Analysis of electrodialysis as a method of producing potable water

(1) Palos Verdes High School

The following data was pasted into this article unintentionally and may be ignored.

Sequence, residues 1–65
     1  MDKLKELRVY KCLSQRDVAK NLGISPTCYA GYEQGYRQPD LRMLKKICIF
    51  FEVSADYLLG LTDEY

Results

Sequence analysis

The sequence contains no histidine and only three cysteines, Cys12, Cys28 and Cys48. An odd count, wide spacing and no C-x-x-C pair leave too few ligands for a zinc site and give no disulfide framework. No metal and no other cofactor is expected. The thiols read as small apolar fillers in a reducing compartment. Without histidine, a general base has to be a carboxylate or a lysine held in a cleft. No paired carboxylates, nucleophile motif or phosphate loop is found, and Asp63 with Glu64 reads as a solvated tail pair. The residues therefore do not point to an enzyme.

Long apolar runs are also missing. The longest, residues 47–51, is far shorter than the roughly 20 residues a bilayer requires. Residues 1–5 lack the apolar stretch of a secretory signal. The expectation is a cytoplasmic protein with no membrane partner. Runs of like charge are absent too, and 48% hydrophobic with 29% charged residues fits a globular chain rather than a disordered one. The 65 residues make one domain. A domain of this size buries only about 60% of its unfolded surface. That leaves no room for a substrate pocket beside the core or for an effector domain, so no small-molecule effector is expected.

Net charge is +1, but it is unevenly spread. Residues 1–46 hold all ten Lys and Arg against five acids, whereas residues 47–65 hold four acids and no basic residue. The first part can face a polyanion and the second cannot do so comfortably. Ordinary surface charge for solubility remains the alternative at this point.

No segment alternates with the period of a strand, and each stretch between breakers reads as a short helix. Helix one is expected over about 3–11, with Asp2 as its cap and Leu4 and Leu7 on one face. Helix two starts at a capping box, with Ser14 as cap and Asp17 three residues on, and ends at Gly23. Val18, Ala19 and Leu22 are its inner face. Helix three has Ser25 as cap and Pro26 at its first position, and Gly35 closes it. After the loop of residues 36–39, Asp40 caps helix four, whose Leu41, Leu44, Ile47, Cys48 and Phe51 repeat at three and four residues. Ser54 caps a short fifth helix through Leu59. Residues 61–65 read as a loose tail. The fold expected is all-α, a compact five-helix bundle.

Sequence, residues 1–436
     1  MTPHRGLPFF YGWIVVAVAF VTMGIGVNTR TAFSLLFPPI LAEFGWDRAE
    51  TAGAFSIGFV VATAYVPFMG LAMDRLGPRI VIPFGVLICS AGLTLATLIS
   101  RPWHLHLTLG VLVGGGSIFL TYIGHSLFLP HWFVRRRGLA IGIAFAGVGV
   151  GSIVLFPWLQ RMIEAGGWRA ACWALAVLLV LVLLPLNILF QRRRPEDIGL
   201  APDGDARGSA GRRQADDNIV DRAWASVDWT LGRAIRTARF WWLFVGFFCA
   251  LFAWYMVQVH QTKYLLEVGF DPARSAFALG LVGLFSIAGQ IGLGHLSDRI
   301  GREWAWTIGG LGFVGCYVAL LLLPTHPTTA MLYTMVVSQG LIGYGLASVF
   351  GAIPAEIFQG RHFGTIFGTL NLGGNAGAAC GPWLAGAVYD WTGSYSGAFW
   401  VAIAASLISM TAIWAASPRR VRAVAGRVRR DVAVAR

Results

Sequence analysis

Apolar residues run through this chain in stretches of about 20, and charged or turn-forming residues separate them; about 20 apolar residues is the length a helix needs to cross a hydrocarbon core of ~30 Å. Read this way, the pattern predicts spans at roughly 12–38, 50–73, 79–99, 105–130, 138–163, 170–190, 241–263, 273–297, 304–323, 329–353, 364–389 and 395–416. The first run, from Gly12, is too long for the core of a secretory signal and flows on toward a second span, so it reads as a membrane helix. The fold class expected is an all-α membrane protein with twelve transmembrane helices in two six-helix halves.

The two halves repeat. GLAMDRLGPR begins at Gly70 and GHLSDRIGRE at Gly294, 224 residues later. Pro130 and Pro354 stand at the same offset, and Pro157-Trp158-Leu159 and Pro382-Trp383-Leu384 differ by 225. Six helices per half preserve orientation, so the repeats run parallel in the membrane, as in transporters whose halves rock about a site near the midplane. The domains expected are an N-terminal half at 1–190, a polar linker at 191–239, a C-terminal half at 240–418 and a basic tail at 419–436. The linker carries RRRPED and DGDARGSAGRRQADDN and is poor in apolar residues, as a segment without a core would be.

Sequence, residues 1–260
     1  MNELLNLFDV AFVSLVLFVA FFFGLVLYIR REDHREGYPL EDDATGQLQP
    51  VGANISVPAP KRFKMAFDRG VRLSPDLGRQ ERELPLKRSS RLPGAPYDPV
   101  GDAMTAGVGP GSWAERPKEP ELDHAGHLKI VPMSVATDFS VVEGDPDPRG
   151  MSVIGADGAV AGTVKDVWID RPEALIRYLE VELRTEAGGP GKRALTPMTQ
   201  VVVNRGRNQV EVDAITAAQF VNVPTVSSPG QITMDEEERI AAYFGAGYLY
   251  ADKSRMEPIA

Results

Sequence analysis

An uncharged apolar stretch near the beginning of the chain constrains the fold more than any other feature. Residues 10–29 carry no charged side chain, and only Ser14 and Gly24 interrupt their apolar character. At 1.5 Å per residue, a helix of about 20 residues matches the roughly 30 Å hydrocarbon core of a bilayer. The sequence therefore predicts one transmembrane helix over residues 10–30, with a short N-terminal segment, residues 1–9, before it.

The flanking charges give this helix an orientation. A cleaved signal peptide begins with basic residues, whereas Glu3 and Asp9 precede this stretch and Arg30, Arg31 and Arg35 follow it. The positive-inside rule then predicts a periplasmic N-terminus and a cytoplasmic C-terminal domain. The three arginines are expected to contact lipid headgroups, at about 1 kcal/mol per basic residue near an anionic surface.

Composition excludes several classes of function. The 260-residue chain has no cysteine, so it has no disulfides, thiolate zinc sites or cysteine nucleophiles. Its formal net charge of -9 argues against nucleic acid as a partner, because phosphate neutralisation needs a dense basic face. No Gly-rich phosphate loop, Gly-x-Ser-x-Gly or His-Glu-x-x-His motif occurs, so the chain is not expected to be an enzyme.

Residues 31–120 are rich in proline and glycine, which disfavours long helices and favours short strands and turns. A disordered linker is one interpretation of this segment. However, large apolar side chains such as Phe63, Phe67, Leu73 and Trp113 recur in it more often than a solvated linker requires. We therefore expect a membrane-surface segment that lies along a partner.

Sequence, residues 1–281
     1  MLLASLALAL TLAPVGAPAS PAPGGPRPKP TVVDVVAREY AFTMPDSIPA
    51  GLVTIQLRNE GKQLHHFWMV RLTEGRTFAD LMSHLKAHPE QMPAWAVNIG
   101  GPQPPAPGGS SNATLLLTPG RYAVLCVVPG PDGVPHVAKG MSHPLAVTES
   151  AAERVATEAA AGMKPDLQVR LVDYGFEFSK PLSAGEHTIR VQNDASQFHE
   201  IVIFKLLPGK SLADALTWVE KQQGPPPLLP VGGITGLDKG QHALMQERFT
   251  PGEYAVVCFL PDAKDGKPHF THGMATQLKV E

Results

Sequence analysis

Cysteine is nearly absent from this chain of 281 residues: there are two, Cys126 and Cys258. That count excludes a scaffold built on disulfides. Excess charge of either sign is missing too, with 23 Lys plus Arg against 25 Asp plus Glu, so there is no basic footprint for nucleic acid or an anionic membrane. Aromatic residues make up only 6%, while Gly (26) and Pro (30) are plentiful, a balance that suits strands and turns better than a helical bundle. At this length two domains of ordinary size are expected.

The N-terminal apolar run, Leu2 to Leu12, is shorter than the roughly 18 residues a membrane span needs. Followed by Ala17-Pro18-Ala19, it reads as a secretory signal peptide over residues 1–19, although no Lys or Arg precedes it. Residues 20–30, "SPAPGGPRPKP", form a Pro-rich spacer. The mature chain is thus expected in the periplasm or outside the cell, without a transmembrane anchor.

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Only 1 percent of the water on Earth is available for human consumption and usage, and scientists predict that this severe shortage will affect the entire planet by 2050. To resolve this problem, we collected samples of ionized seawater from along the coasts of the San Pedro Channel and Santa Monica Bay and measured their respective total dissolved solids (TDS) every hour as it underwent electrodialysis until the measurement was under the acceptable TDS for drinking water. Our objective was to produce large amounts of purified water through the separation process of electrodialysis, which if successful, would be advantageous to improving the water shortage crisis. Our hypothesis was that after saltwater undergoes electrodialysis, the time it takes for the Na+ cations to pass through the cathode exchange membranes and Cl- anions to pass through the anode exchange membranes will decrease as the voltage from the Direct Current (DC) power circuit is increased, which in turn increases the electric current. Our experimentation showed that the final recordings of the deionized water’s TDS were under the acceptable TDS for consumable water for all experiment trials. The results of this experiment may be beneficial in increasing the percentage of water available for human consumption.

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